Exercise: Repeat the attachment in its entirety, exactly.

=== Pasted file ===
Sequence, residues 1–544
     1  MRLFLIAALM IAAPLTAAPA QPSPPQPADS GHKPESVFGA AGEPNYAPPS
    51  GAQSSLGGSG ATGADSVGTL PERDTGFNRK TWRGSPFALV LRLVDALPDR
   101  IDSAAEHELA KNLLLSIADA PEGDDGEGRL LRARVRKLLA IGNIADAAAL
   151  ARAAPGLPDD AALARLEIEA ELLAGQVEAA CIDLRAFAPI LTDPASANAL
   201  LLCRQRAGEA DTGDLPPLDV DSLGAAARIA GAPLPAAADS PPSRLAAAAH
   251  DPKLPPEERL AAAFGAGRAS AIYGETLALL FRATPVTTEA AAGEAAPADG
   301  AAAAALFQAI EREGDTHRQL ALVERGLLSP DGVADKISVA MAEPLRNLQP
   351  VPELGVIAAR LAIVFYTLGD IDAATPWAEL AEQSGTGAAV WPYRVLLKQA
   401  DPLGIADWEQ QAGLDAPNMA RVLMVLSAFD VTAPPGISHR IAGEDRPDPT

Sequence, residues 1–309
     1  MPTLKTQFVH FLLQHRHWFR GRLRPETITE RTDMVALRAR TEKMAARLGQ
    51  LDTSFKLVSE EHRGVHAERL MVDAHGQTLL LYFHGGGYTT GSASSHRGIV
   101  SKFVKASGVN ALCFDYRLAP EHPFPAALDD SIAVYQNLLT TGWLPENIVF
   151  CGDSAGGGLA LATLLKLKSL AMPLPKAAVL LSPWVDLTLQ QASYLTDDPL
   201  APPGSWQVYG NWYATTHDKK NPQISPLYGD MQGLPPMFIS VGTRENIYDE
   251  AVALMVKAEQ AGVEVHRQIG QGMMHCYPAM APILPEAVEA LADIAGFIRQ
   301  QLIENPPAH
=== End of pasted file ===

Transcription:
Sequence, residues 1–544
     1  MRLFLIAALM IAAPLTAAPA QPSPPQPADS GHKPESVFGA AGEPNYAPPS
    51  GAQSSLGGSG ATGADSVGTL PERDTGFNRK TWRGSPFALV LRLVDALPDR
   101  IDSAAEHELA KNLLLSIADA PEGDDGEGRL LRARVRKLLA IGNIADAAAL
   151  ARAAPGLPDD AALARLEIEA ELLAGQVEAA CIDLRAFAPI LTDPASANAL
   201  LLCRQRAGEA DTGDLPPLDV DSLGAAARIA GAPLPAAADS PPSRLAAAAH
   251  DPKLPPEERL AAAFGAGRAS AIYGETLALL FRATPVTTEA AAGEAAPADG
   301  AAAAALFQAI EREGDTHRQL ALVERGLLSP DGVADKISVA MAEPLRNLQP
   351  VPELGVIAAR LAIVFYTLGD IDAATPWAEL AEQSGTGAAV WPYRVLLKQA
   401  DPLGIADWEQ QAGLDAPNMA RVLMVLSAFD VTAPPGISHR IAGEDRPDPT

Sequence, residues 1–309
     1  MPTLKTQFVH FLLQHRHWFR GRLRPETITE RTDMVALRAR TEKMAARLGQ
    51  LDTSFKLVSE EHRGVHAERL MVDAHGQTLL LYFHGGGYTT GSASSHRGIV
   101  SKFVKASGVN ALCFDYRLAP EHPFPAALDD SIAVYQNLLT TGWLPENIVF
   151  CGDSAGGGLA LATLLKLKSL AMPLPKAAVL LSPWVDLTLQ QASYLTDDPL
   201  APPGSWQVYG NWYATTHDKK NPQISPLYGD MQGLPPMFIS VGTRENIYDE
   251  AVALMVKAEQ AGVEVHRQIG QGMMHCYPAM APILPEAVEA LADIAGFIRQ
   301  QLIENPPAH